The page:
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I am currently three months into a 12-month maternity leave period and the company I work for is going through a restructure. I have been advised what figure I would be offered for voluntary redundancy and I have a meeting with HR about the new structures. I had a conversation with HR today and it was hinted that I’d be better off taking voluntary redundancy rather than waiting for compulsory redundancy. In addition to this in a previous maternity leave I requested flexible working. My permanent full-time job was given to my maternity cover and a new role was created for me which I knew was funded by a limited pot. I was only told of these changes a week before I went back to work so felt I couldn’t argue, although I did express my dissatisfaction. I can’t help but feel if I hadn’t requested flexible working, I would still be in my original position and wouldn’t be in the situation I’m in now.
I am trying to work out what will give me the best deal financially and have so many questions, but I think the main ones I would be grateful for answers to are:
1. If I accept voluntary redundancy what will happen to my maternity pay and holidays I would have accrued over the rest of my maternity leave?
2. Are there any specific notice periods for voluntary redundancy?
3. Before I left on maternity leave HR advised me that I couldn’t be made compulsorily redundant whilst I was on maternity leave, but I could on the day I returned – is this correct? My company’s maternity policy states that ‘All terms and conditions of employment except remuneration will be protected during maternity leave.’
4. What are my rights with regard to consultation? I have not been consulted on about anything yet.
I expect that there is greater background and detail than that which you have included in your enquiry and I have therefore sought to answer the listed questions as best as I can, based on the information you have provided. That said, before making an informed decision on whether to take voluntary redundancy, I would suggest that you seek legal advice on the full facts.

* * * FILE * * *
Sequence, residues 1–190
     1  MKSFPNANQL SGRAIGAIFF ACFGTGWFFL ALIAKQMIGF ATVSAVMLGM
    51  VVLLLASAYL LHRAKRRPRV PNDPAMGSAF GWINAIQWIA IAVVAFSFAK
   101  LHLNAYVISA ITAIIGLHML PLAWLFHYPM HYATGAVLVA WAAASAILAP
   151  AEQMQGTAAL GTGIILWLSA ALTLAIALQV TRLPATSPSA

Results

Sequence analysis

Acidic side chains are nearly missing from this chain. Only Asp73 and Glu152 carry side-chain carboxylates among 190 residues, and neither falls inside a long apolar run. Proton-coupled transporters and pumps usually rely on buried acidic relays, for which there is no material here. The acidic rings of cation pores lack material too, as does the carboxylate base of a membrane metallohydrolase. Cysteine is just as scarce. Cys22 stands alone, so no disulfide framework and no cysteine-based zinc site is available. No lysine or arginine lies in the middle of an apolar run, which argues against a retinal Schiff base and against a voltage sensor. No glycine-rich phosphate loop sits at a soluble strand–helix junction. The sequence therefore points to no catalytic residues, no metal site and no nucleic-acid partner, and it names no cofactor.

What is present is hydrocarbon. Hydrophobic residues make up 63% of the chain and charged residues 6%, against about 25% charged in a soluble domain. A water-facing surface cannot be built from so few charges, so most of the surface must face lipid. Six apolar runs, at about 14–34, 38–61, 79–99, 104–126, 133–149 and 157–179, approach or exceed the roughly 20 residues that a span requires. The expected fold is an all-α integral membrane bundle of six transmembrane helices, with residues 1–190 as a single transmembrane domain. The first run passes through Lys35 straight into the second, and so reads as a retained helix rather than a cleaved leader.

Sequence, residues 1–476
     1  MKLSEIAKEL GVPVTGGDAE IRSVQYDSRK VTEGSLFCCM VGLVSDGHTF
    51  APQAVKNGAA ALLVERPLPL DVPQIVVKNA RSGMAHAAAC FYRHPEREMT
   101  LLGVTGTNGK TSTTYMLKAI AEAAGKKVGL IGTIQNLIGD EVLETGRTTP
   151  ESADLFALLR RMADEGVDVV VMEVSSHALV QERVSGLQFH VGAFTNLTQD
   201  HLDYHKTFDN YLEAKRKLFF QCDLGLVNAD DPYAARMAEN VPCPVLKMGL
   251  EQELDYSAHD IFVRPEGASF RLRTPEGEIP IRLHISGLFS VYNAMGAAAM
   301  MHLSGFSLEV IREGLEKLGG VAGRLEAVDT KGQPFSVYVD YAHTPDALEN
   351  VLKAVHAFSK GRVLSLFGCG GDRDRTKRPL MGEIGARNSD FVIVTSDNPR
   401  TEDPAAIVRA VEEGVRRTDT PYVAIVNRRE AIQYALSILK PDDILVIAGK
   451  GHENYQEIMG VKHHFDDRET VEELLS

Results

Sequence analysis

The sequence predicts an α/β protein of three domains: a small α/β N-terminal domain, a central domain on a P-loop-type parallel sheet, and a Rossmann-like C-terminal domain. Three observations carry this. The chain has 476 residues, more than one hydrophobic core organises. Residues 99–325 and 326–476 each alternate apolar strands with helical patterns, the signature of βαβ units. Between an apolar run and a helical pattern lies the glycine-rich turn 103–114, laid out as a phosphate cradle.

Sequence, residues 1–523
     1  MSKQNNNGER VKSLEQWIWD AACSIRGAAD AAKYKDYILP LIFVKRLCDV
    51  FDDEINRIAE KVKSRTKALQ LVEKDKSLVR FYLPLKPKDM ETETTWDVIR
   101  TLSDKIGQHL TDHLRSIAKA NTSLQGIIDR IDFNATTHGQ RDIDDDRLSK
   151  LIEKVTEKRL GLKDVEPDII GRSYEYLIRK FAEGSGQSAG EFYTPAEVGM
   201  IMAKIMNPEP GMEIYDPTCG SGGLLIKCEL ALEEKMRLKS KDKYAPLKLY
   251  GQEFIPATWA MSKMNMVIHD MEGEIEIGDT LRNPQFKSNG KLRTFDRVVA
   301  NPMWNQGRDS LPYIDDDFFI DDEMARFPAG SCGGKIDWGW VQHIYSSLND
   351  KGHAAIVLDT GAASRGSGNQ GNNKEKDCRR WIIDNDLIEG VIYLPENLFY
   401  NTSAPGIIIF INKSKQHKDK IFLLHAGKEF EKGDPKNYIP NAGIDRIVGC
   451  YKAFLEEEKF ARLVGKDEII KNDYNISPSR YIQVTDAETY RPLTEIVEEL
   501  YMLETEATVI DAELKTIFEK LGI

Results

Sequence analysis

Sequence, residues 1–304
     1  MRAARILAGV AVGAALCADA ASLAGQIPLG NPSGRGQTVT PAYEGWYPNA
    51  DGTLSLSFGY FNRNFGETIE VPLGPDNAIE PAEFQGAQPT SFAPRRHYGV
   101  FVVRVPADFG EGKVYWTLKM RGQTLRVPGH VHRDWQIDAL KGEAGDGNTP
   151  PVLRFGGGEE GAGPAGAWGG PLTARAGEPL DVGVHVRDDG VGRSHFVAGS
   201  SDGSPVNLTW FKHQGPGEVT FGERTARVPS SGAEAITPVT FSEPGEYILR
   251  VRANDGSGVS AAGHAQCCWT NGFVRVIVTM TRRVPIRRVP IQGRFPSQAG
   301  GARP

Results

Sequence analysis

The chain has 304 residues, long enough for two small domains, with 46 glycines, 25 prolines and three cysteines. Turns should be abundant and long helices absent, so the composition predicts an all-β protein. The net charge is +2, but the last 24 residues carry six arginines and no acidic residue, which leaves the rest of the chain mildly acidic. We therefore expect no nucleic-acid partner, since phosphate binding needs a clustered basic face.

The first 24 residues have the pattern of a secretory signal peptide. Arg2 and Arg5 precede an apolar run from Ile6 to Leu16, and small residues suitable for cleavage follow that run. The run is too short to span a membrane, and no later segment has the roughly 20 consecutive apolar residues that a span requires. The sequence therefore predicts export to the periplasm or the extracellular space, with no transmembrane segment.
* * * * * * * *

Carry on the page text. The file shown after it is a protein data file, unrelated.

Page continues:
1. You are entitled to all accrued but outstanding holiday pay up to your last day of employment with the company, which is usually described as the ‘Termination Date’. It may be that you can agree with your employer that they pay you a sum equivalent to any holidays you would have accrued through your notice period too, but they do not have to do so.
In respect of maternity pay, any right to enhanced contractual maternity pay will cease as of the Termination Date (again, unless an alternative agreement is reached in respect of any further payments), but you should still be paid in respect of any outstanding Statutory Maternity Pay, depending on your eligibility for the same, if your redundancy takes effect during the SMP period. If you do not qualify for SMP you may be able to claim Maternity Allowance. You can agree with your employer that this will be paid in one lump sum payment on termination of your employment.
2. There are no specific notice periods for voluntary redundancy.
In most circumstances, statutory notice is the minimum legal notice that should be given which is one week if the employee has been employed by the employer continuously for one month or more but for less than two years, and then two weeks for two continuous years, with one additional week’s notice for each further complete year, up to a maximum of 12 weeks.
However, you also need to check your contract of employment as some contractual notice periods are more generous than statutory notice ie one month for 1/2 years’ complete service.
It may be that if you take voluntary redundancy you are entitled to an enhanced redundancy payment, but this is often set out separately to any notice pay.
3. This is not correct. An employee on maternity leave whose role is affected by a redundancy exercise has enhanced protection, for example, they should be offered any suitable alternative positions before any other affected employees. However, that is not to say they are untouchable. An employer can still make them redundant so long as they follow the correct processes and procedures. If they don’t then the employee would not only have a claim for unfair dismissal, but also a potential discrimination claim too.
If your employer delays your redundancy until after the end of your maternity leave, which would mean that you were not able to apply for any suitable alternative positions or in a bid to avoid giving you alternative work, you may have a claim for unfair dismissal.
4. Consultation is one, if not the, most important obligations on an employer in a redundancy situation, especially so where an employee is on maternity leave or long-term sick. They must consult with all employees affected, including anyone on maternity leave. Failure to consult a woman on maternity leave about a possible redundancy is likely to be unlawful discrimination.